While these observations do not refer specifically to the virtual nature of the VPLD, there is an inherent recognition of the value of community—a community that was mainly enabled by the ease of synchronous and asynchronous online communication and contribution. It could be argued that participants were influenced by their experience of being part of this community, and at least two have since sought to develop similar experiences for their students: I ―intend using Adobe Connect more in this mix of synchronous and asynchronous contexts with video clips of tutorials, blog, feedback and feedforward‖. However, it did take some time to recognise that while some teachers immediately started to produce visible, measurable results, others required time to process internally and become a part of the community. During this period the mentor sometimes had the impression that these teachers were less engaged. One participant wrote, ―During the first 6 months I have been slack, as I experienced many hurdles initially. I did not like the fact that I was slack, and because of this I am determined to have a much better next 6 months‖. It was found that with consistent guidance, support, inclusion in the community, and invitations to contribute, levels of visible 67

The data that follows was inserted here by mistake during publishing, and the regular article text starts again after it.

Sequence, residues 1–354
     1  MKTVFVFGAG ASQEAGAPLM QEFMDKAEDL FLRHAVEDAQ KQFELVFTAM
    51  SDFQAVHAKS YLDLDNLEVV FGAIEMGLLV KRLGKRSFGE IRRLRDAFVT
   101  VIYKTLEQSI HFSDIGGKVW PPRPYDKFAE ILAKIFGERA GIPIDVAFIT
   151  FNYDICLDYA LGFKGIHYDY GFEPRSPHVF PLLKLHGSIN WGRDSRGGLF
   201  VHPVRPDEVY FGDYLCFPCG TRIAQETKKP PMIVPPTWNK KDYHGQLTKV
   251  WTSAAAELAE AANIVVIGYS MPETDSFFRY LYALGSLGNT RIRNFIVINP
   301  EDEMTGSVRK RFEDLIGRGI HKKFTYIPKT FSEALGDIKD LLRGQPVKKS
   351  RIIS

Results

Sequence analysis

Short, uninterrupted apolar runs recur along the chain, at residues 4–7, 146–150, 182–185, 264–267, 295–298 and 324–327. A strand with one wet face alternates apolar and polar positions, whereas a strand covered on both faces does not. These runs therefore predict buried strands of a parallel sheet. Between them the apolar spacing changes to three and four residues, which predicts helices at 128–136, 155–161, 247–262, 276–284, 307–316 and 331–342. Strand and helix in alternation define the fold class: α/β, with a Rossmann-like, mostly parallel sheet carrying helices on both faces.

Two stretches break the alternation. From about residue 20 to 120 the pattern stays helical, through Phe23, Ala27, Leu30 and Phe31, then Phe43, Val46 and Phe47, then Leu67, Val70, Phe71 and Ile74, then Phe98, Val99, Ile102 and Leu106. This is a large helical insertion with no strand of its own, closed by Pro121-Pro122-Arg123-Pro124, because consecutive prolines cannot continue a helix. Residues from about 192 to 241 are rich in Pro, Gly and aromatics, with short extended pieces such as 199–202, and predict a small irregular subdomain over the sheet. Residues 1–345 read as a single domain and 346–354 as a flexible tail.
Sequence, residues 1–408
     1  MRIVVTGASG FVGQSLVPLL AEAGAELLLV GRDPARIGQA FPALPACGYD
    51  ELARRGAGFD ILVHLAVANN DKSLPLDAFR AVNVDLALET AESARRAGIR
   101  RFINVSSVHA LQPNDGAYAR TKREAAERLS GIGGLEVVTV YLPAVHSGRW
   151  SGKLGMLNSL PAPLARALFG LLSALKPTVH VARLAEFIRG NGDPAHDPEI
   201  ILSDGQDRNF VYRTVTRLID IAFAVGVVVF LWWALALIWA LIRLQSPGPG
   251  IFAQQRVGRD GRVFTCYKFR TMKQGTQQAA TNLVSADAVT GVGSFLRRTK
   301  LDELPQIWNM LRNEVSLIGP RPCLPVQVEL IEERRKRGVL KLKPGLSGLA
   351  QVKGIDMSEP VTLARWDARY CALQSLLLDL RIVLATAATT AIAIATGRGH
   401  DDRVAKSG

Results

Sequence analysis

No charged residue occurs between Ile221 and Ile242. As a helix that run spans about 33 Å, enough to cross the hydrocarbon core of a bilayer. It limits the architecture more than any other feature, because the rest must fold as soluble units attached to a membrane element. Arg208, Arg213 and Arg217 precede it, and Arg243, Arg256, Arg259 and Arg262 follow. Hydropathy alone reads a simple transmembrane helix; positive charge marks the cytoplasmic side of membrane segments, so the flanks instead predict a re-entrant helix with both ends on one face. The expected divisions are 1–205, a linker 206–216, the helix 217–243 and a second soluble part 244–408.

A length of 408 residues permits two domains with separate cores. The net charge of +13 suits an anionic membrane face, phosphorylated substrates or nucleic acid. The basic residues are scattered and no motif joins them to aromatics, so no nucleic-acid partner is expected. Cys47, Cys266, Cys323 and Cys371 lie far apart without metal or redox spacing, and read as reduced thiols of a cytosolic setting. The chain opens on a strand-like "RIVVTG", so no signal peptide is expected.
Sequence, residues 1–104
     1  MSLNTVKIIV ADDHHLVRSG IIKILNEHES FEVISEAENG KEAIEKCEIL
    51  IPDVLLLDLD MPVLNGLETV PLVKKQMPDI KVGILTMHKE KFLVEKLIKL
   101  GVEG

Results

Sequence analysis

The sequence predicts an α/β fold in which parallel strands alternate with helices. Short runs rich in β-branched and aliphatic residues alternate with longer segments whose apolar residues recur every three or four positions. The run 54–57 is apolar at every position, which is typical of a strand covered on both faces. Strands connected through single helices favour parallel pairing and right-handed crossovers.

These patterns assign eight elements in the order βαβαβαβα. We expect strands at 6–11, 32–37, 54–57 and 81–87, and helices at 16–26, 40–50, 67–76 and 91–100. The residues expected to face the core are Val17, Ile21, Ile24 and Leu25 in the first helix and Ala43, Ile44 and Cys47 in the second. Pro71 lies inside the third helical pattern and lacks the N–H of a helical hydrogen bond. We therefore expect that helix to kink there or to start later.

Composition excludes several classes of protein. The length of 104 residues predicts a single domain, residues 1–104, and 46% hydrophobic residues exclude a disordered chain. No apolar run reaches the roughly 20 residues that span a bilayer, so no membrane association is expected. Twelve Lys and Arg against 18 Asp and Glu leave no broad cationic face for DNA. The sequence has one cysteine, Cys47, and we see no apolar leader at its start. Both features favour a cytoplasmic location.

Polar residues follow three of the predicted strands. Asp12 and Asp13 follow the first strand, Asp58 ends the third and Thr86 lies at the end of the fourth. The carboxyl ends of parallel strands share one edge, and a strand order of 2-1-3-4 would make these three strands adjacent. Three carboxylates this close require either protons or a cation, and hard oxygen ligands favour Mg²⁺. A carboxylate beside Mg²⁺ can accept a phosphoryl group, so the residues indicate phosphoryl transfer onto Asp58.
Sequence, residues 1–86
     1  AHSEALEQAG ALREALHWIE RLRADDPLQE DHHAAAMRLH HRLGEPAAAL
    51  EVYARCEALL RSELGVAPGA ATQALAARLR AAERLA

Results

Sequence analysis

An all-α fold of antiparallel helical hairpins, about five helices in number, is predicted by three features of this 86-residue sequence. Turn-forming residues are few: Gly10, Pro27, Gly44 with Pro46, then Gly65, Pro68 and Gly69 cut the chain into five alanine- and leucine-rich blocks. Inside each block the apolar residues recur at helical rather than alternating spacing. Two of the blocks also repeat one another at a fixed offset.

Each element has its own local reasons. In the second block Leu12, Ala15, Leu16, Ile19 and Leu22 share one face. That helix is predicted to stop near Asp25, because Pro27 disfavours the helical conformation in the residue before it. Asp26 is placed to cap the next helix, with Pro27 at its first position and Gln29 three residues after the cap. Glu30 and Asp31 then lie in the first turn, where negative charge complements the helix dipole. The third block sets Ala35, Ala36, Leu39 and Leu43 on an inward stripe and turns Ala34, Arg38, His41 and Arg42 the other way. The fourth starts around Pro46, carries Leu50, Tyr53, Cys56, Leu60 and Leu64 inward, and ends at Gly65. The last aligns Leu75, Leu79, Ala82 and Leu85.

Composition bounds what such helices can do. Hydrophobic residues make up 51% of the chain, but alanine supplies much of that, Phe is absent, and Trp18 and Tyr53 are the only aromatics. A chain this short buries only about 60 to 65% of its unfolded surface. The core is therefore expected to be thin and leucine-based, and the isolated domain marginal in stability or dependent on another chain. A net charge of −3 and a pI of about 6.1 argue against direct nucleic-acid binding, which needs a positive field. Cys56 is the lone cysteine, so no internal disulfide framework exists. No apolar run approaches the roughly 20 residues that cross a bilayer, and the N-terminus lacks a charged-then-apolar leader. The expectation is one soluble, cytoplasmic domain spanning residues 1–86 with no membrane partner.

engagement gradually increased in all but one instance. For the one teacher who faced frustrating technical and time barriers, engagement remained limited. In spite of their problems, this teacher chose to continue with the VPLD programme at the mid-year point. In retrospect, this was not a positive decision, because by that time the teacher appeared to have lost motivation and momentum, and there was no evidence of shifts in teaching practice or of associated effects on his students‘ learning experiences. A clear example of how well the VPLD pilot was received when there were few barriers was, ―Thanks for the opportunity. I‘ve learned much and been inspired over time, without pressure of instant results. That‘s what PD should be about‖. However, during the course of the pilot project it became obvious that the VPLD teachers did not have equal access to the technology or technical support. This aspect was shown clearly by the responses in the December 2010 survey to the question, ―What, if any, technical issues have you faced during the VPD initiative?‖ While five of the nine respondents had no issues with internet connectivity at their institution or at home, two had intermittent issues with connectivity at the school, one had trouble at home, and two had ongoing issues with both. Bandwidth was a problem initially for only one respondent. However, easy access to a computer, webcam, and microphone was an issue throughout the initiative for two respondents, while three had problems with technical skills. Two respondents reported issues with accessing the core online spaces used in the VPLD project, with one respondent mentioning, ―Access to Nings was blocked by Watchdog1 for some reason and took a little while to resolve‖. Previous studies have shown that external factors such as those mentioned above have an extensive effect on access to, and satisfaction with, learning experiences (for example, Owen, 2010). While participants‘ ICT skills and experience could be augmented, some negative factors were technical (bandwidth and hardware/software) and could not be resolved by the mentor or VPLD community. There were also issues regarding schools blocking essential sites. These factors have several implications for the bigger picture of scaling the VPLD model to a nationwide initiative. Regular virtual meetings and sessions rely on video, audio, and screensharing. When ultra-fast broadband is rolled out in New Zealand, bandwidth should not be an issue. However, suitable functioning hardware (such as microphones, headphones, and webcams) has to be available. There is, therefore, an associated cost implication for the school (Shea, Pickett, & Li, 2005), and education workplaces need to alter their attitude about the rigorous blocking of sites. A barrier that was consistently identified throughout the VPLD initiative was lack of time to participate (this is in keeping with the findings of research conducted recently in New Zealand— for example, Ham, 2009). Therefore, it is strongly recommended that the 1-hour funded release time per week (as well as the days for the face-to-face meeting(s) be provided by an educator‘s institution, and that each educator is enabled to choose how they would like to use this release time.